Fans of musical theater are no doubt impatient for the return of live performances.
In the meantime, Prairie Fire Theater artistic director Bob Mangialardi suggests residents of Bloomington-Normal try out the opera.
The non-profit theater company will be live and in person for âOpera Under the Starsâ at 7:30 p.m. on June 29 and 30 at the Connie Link Amphitheater in Normal.
Prairie Fire Theater performers are familiar with musical theater and opera, but Mangialardi knows that for the general public, especially in Bloomington-Normal, opera is a harder sell.
âOur community seems to love opera, but not the way they love musical theater,â he said.
So, for the group’s first live performance in nearly two years, Mangialardi has assembled a range of widely acceptable pieces from Mozart to Bernstein.
âWe don’t have a lot of real esoteric pieces or super, super heavy pieces or dark rooms; we wanted things the public would probably know, âMangialardi said. “And we have a few songs that we want the audience to sing along with us.”
Soprano Grace Henderson will perform excerpts from Die Fledermaus by Johann Strauss II. She said the play “Adele’s Laughing Song” is a good example of the lighter side of opera.
â(Adele) is actually a housekeeper, and she’s at a party pretending to be an actress with a bunch of people who also describe people they’re not,â Henderson said. Rather than worry, Adele laughed across the stage. âWhich I love, because I spend most of my days laughing, so it’s appropriate for me to sing, I think,â Henderson said.
And, while Mozart may seem intellectual, Henderson insists that the pieces Mangialardi has selected have all the fun and energy of a Broadway show.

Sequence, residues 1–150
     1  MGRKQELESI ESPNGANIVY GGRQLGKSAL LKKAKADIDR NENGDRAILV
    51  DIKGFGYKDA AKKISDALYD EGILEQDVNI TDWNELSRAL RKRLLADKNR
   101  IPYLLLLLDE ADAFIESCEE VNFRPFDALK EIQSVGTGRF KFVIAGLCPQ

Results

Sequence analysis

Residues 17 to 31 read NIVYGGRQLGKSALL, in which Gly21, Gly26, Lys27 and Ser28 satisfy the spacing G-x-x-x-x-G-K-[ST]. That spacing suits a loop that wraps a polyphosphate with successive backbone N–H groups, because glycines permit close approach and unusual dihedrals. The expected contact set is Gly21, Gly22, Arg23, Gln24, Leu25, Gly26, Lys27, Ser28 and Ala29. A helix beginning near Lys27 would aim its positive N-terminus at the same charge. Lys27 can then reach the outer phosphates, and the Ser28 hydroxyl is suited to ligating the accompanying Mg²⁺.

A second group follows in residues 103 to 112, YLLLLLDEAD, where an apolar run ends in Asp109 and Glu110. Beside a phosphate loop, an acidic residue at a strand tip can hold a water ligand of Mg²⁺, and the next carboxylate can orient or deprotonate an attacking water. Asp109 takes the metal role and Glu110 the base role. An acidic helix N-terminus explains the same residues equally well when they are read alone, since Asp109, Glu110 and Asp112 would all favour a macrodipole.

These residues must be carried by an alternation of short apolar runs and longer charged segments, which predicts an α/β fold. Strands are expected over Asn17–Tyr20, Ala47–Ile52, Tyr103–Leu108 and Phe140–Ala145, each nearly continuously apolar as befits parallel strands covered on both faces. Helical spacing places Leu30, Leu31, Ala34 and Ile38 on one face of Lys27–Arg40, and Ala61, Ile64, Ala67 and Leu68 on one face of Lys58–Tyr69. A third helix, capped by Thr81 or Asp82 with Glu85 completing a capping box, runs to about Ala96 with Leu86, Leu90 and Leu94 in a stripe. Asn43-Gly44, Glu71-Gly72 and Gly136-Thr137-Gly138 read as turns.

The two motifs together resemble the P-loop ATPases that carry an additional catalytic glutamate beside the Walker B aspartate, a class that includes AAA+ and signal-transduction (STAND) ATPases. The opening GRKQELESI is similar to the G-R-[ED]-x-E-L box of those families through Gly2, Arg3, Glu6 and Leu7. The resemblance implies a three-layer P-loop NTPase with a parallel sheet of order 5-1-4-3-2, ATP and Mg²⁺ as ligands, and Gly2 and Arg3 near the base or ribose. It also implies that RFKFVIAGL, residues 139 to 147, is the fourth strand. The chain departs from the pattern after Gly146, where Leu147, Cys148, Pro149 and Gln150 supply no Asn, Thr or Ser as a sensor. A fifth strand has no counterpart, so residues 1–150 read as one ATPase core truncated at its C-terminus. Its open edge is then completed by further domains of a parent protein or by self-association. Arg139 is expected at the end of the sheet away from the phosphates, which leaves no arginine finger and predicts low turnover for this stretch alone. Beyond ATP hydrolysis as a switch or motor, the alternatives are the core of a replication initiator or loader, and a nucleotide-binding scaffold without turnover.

âThey are entertaining; just as musical theater is upbeat and has a lot of movement, these plays have it too, but just in a different style, âshe said.
For Henderson, you really can’t appreciate one without appreciating the other.
“Truly the history of musical theater is opera, âshe said. âI like to explore these composers like Strauss and Mozart, composers whose music has stood the test of time all over the world, and also these more contemporary composers like Bernstein, and they came out of opera music. It’s their roots, it’s their inspiration, and so I think it’s really important to delve into that.
This is great for music lovers like Henderson. But what about young audiences?
Henderson’s own career in the performing arts proves that it’s never too early to learn about the classics.
âMy very first show I was on, I was 3 and it was ‘Babes in Toyland’,â she said. “It was sort of my first professional theater exposure growing up.”
After studying vocal performance at Grand Canyon University in Phoenix, Henderson now teaches vocal performance at Bloomington-Normal.
In fact, she said, she will tell all of her students, ages 6 to 14, to watch the show.
âI think it’s wonderful for kids to be exposed to the arts from a young age,â said Henderson. “The more they are exposed to it at a young age, the more familiar they are with it, the more they will like and appreciate it.”
Mangialardi said the new location also makes bringing the kids a bit easier.
âBring a blanket, bring something to eat and drink – it’s like a mini Ravinia,â he said.
The choice to make the theater debut after the lockdown at the Connie Link Amphitheater was a necessity, but could lead to other opportunities, Mangialardi said.
“We weren’t sure when we were planning this exactly where we would be in terms of the (COVID-19) case, so we figured a safe way to do it would be to do it outside,” he said. declared. “But if it is successful, if people seem to like it and the artists like it, I think the town of Normal might bring us back and start over.”
Both performances of “Opera Under The Stars” at the Prairie Fire Theater are free, although donations are welcome to support the theater.